28 internautes sur 35 ont trouvé ce commentaire utile
An Appealing Concept9 juin 2003
- Publié sur Amazon.com
Author of several brisk, witty, and informative business books, Seth Godin has a unique gift for locking in on a core concept and then explaining why and how it can guide and inform thinking about an important business issue. In this volume, he focuses on "how to make any Web site better." His dual metaphors explain the meaning and significance of the title. Preferring a marketer's version of a Web site to that of an engineer, he suggests that "One of the best ways to remind yourself about what's really going on [when someone visits a Web site] is to think of a monkey in a big red fez...The best way to motivate the monkey [to take a desired action], of course, is to use a banana. Whenever a monkey walks into a new situation, all it wants to know is, 'Where's the banana?' If the banana isn't easy to see, easy to get and obvious, the monkey is going to lose interest. But if you can make it clear to the monkey what's in it for him, odds are he'll do what you want." Obviously, the monkey is the Web site visitor and the banana is the incentive mechanism. Godin uses a number of different real-world Web sites to illustrate what is and is not effective; he also explains why. (Presumably many of those responsible for the ineffective Web sites have read this book and made the necessary revisions since it first appeared about 18 months ago.) One of the book's most interesting points concerns the quite different mentalities of the engineer and the marketer. The former assumes that smart people have plenty of time, know precisely what they want from their online surfing, and can make a considered decision if provided with sufficient data. In stunning contrast, the marketer assumes that people are busy, ill informed, impatient, not very thoughtful and eager to click on to something RIGHT NOW. The marketer also believes that if you don't give the visitor the right object (or objective) to click on to immediately, the visitor will hit the "Back" button and leave. I presume to add another difference: I think that most visually complicated Web sites resemble the front page of the U.S.A. Today newspaper (especially the Friday/Saturday/Sunday edition) whereas the most effective Web sites resemble the most effective billboards along a highway. Percentages vary but research studies suggest that online surfers spend about 90% of their time visiting the same ten Web sites Also, that after a unsatisfying experience, the percentage is even higher; that is, approximately 95% of online surfers never return to that Web site. One substantial benefit this book provides which I did not anticipate when I began to read it is that the same principles which Godin recommends to increase a Web site's effectiveness are also relevant to the design of marketing and sales collateral materials such as direct mail solicitations and printed brochures. Because of the immense clutter through which messages of various kinds struggle to reach their destination, and because this clutter is certain to become even greater, Godin's concept of what he calls a "purple cow" (explained in a book of the same name) has compelling importance: become and then remain remarkable for as long as possible. Web sites, letterhead, business cards, products, services...indeed contact and communication in any form...must attract and reward attention or are certain to fail. Period. Those who are responsible for Web sites or who heavily depend on Web sites to help achieve their business objectives are strongly urged to check out all of those which Godin features in his book. Also be alert to various lists of award-winning Web sites, especially those selected by online surfers rather than by technicians. For example, the finalists in competition for the 1st Annual Web Site Award sponsored by WIRED magazine. One final point: This year's Purple Cow may well be a Plaid Kangaroo in 2004.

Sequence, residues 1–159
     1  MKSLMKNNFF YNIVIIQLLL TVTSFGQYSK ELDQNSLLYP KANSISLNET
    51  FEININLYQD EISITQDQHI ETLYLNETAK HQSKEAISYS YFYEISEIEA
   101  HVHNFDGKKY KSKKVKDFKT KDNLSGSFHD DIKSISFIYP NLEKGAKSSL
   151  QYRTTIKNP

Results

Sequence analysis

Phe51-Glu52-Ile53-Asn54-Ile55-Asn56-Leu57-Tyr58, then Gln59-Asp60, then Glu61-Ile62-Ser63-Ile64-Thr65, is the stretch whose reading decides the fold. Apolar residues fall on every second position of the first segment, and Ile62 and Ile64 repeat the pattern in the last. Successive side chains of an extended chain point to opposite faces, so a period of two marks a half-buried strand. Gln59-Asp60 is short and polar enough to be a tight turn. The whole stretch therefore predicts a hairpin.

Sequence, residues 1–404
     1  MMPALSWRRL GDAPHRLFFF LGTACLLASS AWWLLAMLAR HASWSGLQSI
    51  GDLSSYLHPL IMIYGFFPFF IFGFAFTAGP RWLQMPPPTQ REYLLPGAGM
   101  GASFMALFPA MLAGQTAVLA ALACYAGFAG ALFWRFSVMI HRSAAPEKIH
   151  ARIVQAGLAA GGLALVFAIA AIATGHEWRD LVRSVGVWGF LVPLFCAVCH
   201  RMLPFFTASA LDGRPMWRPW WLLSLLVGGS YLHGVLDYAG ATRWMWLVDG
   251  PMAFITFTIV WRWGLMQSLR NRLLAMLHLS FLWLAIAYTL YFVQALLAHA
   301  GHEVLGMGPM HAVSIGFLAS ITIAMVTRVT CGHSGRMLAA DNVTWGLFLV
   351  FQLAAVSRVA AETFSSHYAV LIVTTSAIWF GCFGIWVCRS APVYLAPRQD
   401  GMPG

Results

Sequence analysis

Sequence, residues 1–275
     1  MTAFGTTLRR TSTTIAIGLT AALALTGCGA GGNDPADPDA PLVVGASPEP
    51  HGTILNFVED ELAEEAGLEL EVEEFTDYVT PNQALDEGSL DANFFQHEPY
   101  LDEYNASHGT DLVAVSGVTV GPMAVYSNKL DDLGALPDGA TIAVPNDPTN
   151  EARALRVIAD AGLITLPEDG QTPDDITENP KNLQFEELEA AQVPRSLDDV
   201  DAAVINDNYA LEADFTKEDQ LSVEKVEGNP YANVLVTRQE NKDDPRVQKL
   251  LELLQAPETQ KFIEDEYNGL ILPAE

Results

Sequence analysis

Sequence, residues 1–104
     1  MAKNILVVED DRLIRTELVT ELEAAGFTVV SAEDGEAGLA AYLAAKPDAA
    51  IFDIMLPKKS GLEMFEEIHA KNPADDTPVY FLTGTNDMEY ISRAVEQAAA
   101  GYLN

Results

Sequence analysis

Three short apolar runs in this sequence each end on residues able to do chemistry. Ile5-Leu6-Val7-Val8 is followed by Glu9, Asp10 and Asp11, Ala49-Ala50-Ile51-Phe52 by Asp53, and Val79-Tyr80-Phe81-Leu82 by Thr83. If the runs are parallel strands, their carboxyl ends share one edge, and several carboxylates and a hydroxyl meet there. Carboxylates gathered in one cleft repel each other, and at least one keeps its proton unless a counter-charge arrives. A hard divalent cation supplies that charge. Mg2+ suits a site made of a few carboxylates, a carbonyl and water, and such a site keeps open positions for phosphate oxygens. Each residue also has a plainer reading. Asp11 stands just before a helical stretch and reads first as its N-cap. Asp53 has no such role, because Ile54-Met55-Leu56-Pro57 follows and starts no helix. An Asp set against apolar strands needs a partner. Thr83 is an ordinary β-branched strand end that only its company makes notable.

7 internautes sur 7 ont trouvé ce commentaire utile
What the Doctor Ordered21 mai 2001
- Publié sur Amazon.com
The trouble with marketing books and internet based ones in paricular is they give you so many "musts", that by the time you reach the end, you've forgotten the first points that were made and you forget the basic stuff! Admittedly, Seth Godin is one of my business heroes, but this has to be worth sending $2.70 of anyone's money to charity! One learns best by seeing, not reading. Every point he makes is illustrated with a real-world example taken straight off the Web. Godin pulls no punches and slates some very well-known big names - but, it has to be said, all is reasoned and fair comment. There are accolades too, showing in clear practical steps how to make any commericial Web site better. Don't mess about - just buy it. $2.70? No brainer!